My recent trip to GB felt like the Whacky Races – I drove 2848 miles (thanks Avis!) in 17 days as I zig-zagged across the island, hugging every family member, enjoying late night chats and long country walks with dear friends, and meeting a couple of fifteenth-century relatives who appear in my new book, The Godmother’s Secret. In the coming weeks I’ll be sharing more, but here’s a glimpse of one day spent in the hallowed quiet of a country church, and an exploration of the adjacent manor house. Home to the Catesby family for centuries, at Ashby Manor I found Margaret de la Zouche – Meg in my new novel – along with her husband William Catesby, Richard III’s loyal Chancellor. Both Meg and Will were part of the unfolding drama of the succession of Edward V to the throne in the summer of 1483, and the subsequent disappearance of Edward and his younger brother Richard – the “Princes in the Tower.” Meg’s stepmother, Elysabeth St.John, is my ancestress and, as the godmother to Edward V, brings her own story to the mystery…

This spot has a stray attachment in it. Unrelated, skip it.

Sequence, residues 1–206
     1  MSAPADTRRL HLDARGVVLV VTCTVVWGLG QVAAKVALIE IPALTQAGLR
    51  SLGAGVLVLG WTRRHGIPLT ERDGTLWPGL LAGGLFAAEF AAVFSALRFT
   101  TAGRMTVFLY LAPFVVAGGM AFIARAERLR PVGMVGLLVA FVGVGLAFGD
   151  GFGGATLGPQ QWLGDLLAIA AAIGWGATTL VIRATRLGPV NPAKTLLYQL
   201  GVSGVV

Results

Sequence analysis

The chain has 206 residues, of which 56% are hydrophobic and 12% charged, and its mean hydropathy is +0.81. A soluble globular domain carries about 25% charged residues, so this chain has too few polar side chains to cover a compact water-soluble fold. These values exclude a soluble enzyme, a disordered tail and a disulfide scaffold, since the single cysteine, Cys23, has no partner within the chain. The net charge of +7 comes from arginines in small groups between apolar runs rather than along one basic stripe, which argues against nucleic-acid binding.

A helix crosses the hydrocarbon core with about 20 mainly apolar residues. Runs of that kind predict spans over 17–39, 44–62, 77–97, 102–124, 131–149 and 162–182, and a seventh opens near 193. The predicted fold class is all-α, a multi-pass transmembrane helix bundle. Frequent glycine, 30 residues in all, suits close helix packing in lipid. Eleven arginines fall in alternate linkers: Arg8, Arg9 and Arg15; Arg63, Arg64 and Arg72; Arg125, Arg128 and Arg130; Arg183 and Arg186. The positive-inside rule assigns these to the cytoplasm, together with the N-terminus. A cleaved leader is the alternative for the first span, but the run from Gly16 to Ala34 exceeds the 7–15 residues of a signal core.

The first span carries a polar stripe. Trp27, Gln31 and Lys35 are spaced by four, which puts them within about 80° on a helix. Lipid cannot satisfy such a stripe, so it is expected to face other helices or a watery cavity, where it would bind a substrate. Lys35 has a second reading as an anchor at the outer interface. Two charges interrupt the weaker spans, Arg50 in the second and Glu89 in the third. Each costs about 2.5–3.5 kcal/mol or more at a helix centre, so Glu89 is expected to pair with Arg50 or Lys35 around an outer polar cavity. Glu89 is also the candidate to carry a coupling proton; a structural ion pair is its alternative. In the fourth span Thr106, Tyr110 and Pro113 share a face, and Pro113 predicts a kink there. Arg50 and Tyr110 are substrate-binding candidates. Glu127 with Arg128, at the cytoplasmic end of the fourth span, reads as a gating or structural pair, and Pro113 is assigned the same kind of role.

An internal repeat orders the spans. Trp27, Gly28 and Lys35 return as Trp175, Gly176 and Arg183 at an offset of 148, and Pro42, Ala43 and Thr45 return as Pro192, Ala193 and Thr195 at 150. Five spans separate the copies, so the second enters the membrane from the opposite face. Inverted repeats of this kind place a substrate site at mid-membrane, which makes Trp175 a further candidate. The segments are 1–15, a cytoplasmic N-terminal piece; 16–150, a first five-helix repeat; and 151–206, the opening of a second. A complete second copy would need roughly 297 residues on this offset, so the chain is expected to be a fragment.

The Godmother’s Secret is a medieval historical fiction about the lost Princes in the Tower. Were they murdered by Richard III? Did Margaret Beaufort play a role in their disappearance? Elysabeth St.John is the godmother to Edward, the oldest prince, and Margaret’s sister. Of anyone at the Royal Court, Elysabeth has the most to lose, and the most to gain, by keeping secret the fate of the Princes in the Tower.
I literally just got back from driving around the UK earlier this week – and my company was Amy Maroney’s audio book, The Girl from Oto. What great entertainment! Here’s my review, and more details. The Girl from Oto AUDIBLE Review
The Girl from Oto
(The Miramonde Series, Book 1)
By Amy Maroney
Narrated by Meg Price